Thursday, April 24, 2014

The Gift of Giving Life, a couple of birth stories and a story of loss




One of the aspects of The Gift of Giving Life that I enjoyed the MOST was that it truly validated that EVERY journey to motherhood is unique and special and that there is not a one “right way” to become a mother. 

By the time I read The Gift of Giving Life I was eight months pregnant with my 3rd child and had already birthed two healthy babies sans pain medication in a hospital setting with fantastic OBs and L&D nurses whom I still recommend to women in my area looking for supportive care providers in a hospital birthing environment. I felt like I was an “experienced” mother and knew what to expect.
The only reason I had heard of this book was because summer 2012 we were traveling to Oregon to visit my husband’s family and to break up the trip we stayed in the Boise area with my dear friend *Katy Rawlins (who at the time was a student midwife with Treasure Valley Midwives but is now a Certified Professional Midwife). As a birth and post-partum professional, she had been asked to contribute an essay of her first daughter’s birth to the book. She had recently received the proof copy of the book when we were visiting. 

About six months prior to the 2012 summer trip to Oregon, I had begun to feel VERY strongly that I needed to birth my next baby at home. I had some hesitations because of my vasal vagal syncopes and I wondered if I would be considered a “high risk” to a homebirth midwife – so in discussing this with Katy that one night (where we stayed up way too late), she alleviated those fears and told me the midwife she was apprenticing with would not consider my condition high risk.

This gave me confidence to start researching midwives in my area within a few days of returning home. The first two websites that actually worked (some links didn’t work in my search), I thought “those look like nice women, I’ll consider them”. When I got to Sherri Price’s page, if the Spirit was possible of yelling, that is what happened. I heard a very loud “THAT IS YOUR MIDWIFE! THAT IS WHO NEEDS TO ATTEND YOUR NEXT BIRTH!!!!” Mind you, at this stage I wasn’t even trying to conceive yet. I was just researching the possibility of a homebirth. But after that very strong impression, I knew that not only was research over, but it was no longer an “if I have a homebirth” it was “I will be birthing this baby at home with this particular midwife.”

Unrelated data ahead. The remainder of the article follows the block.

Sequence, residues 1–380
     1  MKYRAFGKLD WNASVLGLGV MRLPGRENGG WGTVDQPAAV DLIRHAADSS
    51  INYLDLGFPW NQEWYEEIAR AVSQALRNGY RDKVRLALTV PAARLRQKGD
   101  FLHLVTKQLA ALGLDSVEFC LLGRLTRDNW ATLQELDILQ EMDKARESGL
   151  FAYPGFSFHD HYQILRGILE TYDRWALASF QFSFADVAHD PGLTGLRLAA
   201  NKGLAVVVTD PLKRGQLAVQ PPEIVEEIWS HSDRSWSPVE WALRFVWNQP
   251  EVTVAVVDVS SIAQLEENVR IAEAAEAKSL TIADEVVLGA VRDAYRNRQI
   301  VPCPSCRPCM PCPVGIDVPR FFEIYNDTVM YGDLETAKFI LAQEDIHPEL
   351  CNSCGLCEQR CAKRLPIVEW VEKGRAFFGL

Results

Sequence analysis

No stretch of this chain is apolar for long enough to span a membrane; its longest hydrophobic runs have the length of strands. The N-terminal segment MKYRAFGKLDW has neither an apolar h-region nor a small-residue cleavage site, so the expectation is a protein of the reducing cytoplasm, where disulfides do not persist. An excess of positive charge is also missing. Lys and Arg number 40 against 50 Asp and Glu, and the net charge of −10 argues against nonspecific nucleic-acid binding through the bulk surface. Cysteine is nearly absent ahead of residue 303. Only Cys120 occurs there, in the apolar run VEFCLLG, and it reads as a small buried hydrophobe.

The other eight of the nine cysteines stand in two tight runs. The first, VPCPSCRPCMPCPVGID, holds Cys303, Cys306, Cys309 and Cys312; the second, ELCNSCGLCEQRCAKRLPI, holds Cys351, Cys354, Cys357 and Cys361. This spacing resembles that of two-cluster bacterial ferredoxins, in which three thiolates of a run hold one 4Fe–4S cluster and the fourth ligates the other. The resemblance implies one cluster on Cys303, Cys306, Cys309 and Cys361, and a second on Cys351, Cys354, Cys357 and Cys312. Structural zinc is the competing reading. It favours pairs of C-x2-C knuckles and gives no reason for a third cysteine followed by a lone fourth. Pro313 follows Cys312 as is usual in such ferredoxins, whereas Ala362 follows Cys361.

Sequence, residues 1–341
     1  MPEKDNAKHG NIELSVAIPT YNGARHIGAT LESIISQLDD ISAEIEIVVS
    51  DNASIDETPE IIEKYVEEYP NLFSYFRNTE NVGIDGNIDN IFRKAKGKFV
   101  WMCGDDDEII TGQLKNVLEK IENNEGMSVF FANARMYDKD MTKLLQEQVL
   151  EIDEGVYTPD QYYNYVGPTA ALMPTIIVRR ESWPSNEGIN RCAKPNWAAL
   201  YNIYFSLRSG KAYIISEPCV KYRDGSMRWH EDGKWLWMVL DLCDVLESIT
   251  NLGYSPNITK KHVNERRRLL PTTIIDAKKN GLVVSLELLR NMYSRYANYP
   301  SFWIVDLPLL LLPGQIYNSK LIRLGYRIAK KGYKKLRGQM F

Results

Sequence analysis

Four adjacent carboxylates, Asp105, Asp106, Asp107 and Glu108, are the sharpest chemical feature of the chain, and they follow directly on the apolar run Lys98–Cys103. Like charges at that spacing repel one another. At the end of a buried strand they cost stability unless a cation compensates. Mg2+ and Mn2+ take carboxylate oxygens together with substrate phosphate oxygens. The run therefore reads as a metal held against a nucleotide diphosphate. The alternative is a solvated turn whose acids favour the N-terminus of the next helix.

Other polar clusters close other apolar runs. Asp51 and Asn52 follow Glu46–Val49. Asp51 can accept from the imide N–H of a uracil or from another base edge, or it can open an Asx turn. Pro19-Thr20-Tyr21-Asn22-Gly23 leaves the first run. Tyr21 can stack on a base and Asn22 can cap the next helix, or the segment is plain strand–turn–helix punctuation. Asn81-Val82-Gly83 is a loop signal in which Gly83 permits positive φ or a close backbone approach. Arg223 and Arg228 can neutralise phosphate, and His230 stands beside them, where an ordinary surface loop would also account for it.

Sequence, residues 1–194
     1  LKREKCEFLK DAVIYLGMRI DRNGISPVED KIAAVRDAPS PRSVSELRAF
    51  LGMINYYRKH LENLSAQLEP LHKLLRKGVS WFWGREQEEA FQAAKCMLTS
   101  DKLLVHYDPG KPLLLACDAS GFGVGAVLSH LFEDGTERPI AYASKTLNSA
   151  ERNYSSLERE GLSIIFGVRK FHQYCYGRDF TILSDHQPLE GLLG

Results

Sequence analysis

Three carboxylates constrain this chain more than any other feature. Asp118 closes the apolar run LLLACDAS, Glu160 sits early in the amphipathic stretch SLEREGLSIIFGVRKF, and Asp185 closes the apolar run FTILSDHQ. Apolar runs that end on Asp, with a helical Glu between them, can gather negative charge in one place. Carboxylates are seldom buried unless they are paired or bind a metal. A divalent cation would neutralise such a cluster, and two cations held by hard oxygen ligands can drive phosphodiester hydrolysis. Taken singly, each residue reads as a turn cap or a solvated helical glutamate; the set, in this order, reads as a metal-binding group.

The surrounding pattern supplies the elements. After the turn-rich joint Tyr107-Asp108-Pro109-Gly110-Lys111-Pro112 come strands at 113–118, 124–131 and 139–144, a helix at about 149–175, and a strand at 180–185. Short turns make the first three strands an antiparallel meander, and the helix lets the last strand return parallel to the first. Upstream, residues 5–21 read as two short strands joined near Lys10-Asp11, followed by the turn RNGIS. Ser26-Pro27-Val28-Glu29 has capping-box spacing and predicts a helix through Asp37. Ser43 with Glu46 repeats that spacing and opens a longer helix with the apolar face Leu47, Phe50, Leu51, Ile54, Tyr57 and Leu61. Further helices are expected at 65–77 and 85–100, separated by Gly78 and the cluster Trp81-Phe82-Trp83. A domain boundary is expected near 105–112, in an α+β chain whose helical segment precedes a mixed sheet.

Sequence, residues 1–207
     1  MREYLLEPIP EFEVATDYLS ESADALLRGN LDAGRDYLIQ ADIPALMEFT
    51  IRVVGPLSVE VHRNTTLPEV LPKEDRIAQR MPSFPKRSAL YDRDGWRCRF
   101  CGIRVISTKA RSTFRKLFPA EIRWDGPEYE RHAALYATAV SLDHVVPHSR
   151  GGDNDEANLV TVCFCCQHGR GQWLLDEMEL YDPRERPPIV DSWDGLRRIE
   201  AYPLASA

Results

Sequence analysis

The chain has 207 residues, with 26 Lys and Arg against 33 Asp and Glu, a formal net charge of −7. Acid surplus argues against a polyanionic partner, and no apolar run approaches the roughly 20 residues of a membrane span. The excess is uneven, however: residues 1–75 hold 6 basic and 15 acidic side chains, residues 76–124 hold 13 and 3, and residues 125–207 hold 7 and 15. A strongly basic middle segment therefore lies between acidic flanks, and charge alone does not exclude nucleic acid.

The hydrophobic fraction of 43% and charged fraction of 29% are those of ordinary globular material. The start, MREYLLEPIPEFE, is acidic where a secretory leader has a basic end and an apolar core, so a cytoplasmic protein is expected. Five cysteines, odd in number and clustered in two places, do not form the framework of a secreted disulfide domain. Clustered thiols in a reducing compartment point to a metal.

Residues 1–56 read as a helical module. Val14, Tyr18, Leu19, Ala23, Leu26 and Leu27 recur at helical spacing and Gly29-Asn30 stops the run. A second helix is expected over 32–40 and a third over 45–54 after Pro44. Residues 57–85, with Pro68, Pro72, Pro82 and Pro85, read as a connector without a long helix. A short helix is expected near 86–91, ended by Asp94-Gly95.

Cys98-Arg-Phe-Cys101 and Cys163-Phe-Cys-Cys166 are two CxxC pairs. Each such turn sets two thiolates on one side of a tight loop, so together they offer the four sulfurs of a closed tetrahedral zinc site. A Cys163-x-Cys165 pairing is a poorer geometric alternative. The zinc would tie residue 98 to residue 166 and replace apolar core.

A couple of months later I got pregnant and around 8 weeks I was so severely dehydrated and nauseated that I ended up having a vasal vagal syncope – something I hadn’t experienced in over 8 years. It was a very scary time to be pregnant and have a vasal vagal syncope and the thought “perhaps I should have my baby at the hospital” crossed my mind. Throughout the second trimester, every time I considered calling my OB’s office and planning a hospital birth, I felt uneasy. Logic would tell me it was “safer” to birth my baby at the hospital with a doctor and medical equipment, but my spirit/intuition (or my “gut”) was telling me to birth at home with my midwife team. Oddly enough, this experience of debating between birthing at home with my midwife, or birthing at the hospital with my OB, was VERY similar to an experience I had had nine years previously. I had been told, in very specific terms, that I would marry Marc after returning home from my 18 month LDS mission. Marc and I had been writing for just over 2 years at this point and we had never met in person. My Logic (and family members) told me that I should date him in person before making that decision. But the Spirit kept telling me that it was the right decision to marry Marc even though we had never been in the same room together. Because of the doubt we had received from family members on both sides during our “engagement” period, we only told a few family members that we were planning a home birth. Marc’s mother was totally supportive of it since she had birthed Marc at home. My mother was VERY hesitant and it took a few months of me sharing with her how I felt anxiety when I thought about birthing at a hospital this time around but I felt PEACE when I thought about birthing at home before she stopped feeling anxiety for me.